Howard's Guru

exposing myself

sharing stories humanizes computer connections

I've spent endless hours a week on a computer since I was seven. Thirteen years of bits and bytes, and I'm just now discovering the underlying zeitgeist.
wry boy It took the Internet to make me a believer. In the eighties, I did consulting, teaching people how computers could enhance their lives. But it was hard to evangelize a DOS machine running Word Perfect as a quality of life enhancement; the learning curve was too great, the process and product too obtuse.

The net is different. There is still an obtuse programming language involved, but this one is easy enough for me to use, and the results look pretty spiffy. I've always known I wanted to be a writer, and I wanted an audience for my stories. January of 1994, I began publishing on the World Wide Web. Today I self-publish articles that are read daily by tens of thousands of people. I find this personal publishing power much easier to evangelize.

talking about myself keeps me going.

For the first couple of months, my magazine consisted largely of reviews - pointers to nifty net nuggets with commentary. To alleviate self-referential online uselessness, I shifted gears. In addition to luscious links, I now publish stories about my life. Having been at this for over a year and a half, talking about myself keeps me going.
So people can spout about themselves online, more pages than you can click a mouse at. Where's the revolution in all of this?

Storytelling is our catharsis, it's how we make sense of the world. More people can share more stories over the widespread wires of the web. This communication could be the building block of powerful community.

I just came down off an erratic intense relationship with a beautiful depressed woman. While we were going out, I wrote over 80 poems and stories about her. I have put many of these online, connecting them together with a narrative account of our time together.

Howard describes this page as "painfully candid." I have received word from readers who are taken aback by the amount of seemingly private personal information I have uploaded onto the web.

For me it is about honesty; figuring out what that relationship means to me by explored the bumps as well as the bliss.

I have received messages from folks who have experienced similar agony, trying to be close to someone who is depressed. They tell me about their relationships, some promise to post their tales on the net.

The story is precisely poignant because I do not withhold the powerful details. For me it was a transformative experience. To pay it casual lip service by publishing only the pleasant would be a falsehood.

When we tell stories on the Internet...

The best use of our technology enhances our humanity. When we tell stories on the Internet, we claim computers for communication and community over crass commercialism. By publishing ourselves on the web, we reject the role of passive media marketing recipient. If we all have a place to post our pages, the Howard Rheingold channel, the Rising City High School channel, there's no way the web will end up as banal and mediocre as television. There would be as many places to find fresh and engaging content as there are people who yearn to be heard.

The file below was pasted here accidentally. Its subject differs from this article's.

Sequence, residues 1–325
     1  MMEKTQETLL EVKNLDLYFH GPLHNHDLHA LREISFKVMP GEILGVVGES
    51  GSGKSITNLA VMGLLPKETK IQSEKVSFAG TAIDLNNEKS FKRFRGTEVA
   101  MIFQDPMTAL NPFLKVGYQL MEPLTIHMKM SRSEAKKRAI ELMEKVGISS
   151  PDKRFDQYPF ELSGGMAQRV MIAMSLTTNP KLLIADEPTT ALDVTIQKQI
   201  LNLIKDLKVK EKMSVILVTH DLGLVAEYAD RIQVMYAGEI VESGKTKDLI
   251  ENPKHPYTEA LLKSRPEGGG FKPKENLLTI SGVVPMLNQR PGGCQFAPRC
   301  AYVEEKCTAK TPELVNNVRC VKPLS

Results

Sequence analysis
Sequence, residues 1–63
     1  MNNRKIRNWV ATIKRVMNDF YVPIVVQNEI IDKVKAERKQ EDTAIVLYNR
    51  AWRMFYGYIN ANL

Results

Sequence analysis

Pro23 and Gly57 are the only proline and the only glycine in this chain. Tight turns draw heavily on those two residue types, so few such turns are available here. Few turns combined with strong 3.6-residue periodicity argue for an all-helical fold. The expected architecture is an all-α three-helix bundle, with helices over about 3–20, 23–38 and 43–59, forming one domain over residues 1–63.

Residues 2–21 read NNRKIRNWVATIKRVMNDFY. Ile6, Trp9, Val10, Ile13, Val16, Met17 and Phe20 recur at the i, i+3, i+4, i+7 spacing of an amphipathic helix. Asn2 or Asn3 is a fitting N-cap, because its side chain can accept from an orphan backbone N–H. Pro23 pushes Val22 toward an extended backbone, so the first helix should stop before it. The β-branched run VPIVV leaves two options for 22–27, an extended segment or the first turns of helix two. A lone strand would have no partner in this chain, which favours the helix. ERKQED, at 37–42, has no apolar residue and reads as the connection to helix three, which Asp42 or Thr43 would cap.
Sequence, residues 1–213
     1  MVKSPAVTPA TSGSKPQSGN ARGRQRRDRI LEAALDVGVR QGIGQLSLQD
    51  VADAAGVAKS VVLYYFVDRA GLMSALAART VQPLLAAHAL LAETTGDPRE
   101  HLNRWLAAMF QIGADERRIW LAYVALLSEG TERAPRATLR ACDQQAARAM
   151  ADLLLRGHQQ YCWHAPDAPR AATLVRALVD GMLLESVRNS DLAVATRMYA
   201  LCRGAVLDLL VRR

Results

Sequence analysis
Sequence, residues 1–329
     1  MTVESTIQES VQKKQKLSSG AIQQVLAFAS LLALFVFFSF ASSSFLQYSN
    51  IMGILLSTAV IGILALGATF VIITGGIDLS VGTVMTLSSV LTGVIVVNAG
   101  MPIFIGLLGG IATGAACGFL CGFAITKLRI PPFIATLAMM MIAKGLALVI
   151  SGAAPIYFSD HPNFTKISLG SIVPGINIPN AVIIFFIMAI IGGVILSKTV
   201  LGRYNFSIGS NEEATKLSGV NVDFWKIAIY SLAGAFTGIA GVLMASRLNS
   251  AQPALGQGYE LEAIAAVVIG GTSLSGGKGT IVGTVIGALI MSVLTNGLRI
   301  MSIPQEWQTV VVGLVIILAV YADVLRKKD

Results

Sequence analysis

...we claim computers for communication and community over crass commercialism.

I've been making myself heard on the Internet since January 1994. Many hours a day bent over the keyboard, staring into the glow, building and exploring virtual worlds. Up until 4am making pages, sleep, 10am wake up, the laptop on my bed is in my lap, pretty soon it's dinnertime, I haven't eaten or showered yet, let alone gotten out of bed. Recently, I've been putting my life online, telling stories about the people I know, the things that happen to me when I'm not geeking out.

I have fun telling stories on the Internet. I have made pages about my family members, my friends, the places I've worked and learned, the trips I've taken.

I have a page about HotWired that describes my time there and profiles the people I worked with. I have links to a few things I wrote, as well as some trouble I got into with Louis Rossetto. Each page has links to others, so you can wander through my stories according to what strikes your fancy.

People I haven't spoken to in years and people I have never met take the time to write me and share their impressions, or their stories in return.

The other day I recieved a 10k e-mail from the ex-girlfriend of somebody I'd written about, she spoke of how exciting it was to "meet" someone who understood the man she'd butted heads with. She, and others, say I've inspired them to begin telling their own stories online.

The Internet encourages participation. It is too easy, and there are already too many amateurs out there to resist trying your hand. By exposing myself on the web, I hope folks will be inspired to put a little soul in their systems.

My Guru, Justin Hall

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